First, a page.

2.19.2015

DEEP WINTER // the local food report


Those hairy, gnarled specimens up there are two celeriac roots, also known as turnip-rooted or knob celery. Or celery root. They're not exactly lookers, but they are tasty. The hands holding them belong to Nicole Cormier, founder of Farm Fare Market in Sandwich and a year round CSA with deliveries all over the Cape. 

Surprisingly, Nicole didn't start out looking to sell local food. She comes to the movement as a nutritionist, and she got into this whole business venture when she was on the hunt for an office space. She saw a unit across from CafĂ© Chew in Sandwich, and it spoke to her. The only thing was, it had two rooms. She knew what to do with one: turn it into an office where she could see clients and help them fight health issues like diabetes and obesity with food choices. 

But the other room? This was less clear cut. After some thinking, she decided to turn it into a local food pantry. She figured this would help her clients learn about and access nutritionally superior local foods, and she could use it as an educational tool. But pretty quickly the "pantry" took on a life of its own. All sorts of people—clients and the public at large—started coming in to buy what she was stocking. She started a summer CSA, then spring, fall, and winter buying programs. And she added local cheeses, grains, beans, meats and a raw milk club offering on top of the produce. Today, she works with several western Massachusetts farms to source grains and beans, and eight farms along the south coast to source produce. She says the most exciting time is the off-season, because you never know what you're going to find.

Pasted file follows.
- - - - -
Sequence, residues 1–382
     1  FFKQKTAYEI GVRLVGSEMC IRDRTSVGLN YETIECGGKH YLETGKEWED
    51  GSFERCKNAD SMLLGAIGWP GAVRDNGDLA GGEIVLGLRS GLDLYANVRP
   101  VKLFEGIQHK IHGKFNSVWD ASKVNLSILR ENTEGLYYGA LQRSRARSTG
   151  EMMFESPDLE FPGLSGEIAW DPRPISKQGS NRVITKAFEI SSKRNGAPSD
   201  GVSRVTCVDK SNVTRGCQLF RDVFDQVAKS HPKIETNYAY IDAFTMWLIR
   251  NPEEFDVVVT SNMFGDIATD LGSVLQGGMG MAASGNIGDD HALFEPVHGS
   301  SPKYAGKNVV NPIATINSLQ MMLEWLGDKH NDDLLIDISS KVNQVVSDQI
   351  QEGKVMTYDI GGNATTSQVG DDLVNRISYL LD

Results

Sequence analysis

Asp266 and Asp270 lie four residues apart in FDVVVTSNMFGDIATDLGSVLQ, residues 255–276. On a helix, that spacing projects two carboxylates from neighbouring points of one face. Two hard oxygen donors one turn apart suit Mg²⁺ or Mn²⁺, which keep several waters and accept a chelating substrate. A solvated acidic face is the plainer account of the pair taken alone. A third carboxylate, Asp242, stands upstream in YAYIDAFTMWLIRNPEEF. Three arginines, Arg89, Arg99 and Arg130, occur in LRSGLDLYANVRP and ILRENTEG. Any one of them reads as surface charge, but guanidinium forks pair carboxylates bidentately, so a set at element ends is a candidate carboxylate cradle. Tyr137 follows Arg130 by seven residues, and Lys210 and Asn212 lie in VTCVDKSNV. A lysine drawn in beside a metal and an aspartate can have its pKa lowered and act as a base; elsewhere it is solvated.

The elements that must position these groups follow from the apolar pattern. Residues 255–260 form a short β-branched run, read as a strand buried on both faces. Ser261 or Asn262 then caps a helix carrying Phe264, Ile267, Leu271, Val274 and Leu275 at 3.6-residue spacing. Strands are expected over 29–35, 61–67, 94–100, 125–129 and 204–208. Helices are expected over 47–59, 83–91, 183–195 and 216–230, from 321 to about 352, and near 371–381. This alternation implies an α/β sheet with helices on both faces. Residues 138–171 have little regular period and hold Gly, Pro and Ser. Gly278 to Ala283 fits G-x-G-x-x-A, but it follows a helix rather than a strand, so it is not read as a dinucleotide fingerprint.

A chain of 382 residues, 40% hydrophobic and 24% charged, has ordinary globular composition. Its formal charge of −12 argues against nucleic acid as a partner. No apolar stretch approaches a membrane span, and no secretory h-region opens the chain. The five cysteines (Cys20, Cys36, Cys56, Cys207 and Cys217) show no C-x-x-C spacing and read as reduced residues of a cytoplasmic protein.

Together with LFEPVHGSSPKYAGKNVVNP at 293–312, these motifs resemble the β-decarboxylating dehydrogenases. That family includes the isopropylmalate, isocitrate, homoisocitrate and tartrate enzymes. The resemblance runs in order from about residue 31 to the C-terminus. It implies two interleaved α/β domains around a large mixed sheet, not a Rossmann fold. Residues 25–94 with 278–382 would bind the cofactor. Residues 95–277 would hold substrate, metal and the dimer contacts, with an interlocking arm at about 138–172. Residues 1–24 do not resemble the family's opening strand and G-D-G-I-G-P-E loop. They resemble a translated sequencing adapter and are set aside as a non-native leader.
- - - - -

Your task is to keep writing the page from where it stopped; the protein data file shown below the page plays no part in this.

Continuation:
Massachusetts-grown triticale? Who would have thought! Same goes for hydroponically grown herbs and Jerusalem artichokes.

She's not alone in her enthusiasm for local winter foods. Island Grown Farm just started its first winter CSA, which focuses on greens. I've mentioned the Pioneer Valley grain and bean CSA out of Amherst, MA a number of times on this site, and it's going strong. This year they offered fourteen types of New England-grown grains and beans! The Orleans Winter Farmers' Market is off to a successful start, with markets at the middle school on the first and third Saturdays of every month. Cape Cod Organic Farm in Barnstable is running its first heritage-breed pork CSA this winter, and Shared Harvest CSA offers a "Deep Winter" pick-up in Bourne in January and February. Hooray!

You can listen to Nicole talk about her favorite unusual winter veggies on this week's Local Food Report.


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All text, photographs, and other original material copyright 2008-2010 by Elspeth Hay unless otherwise noted.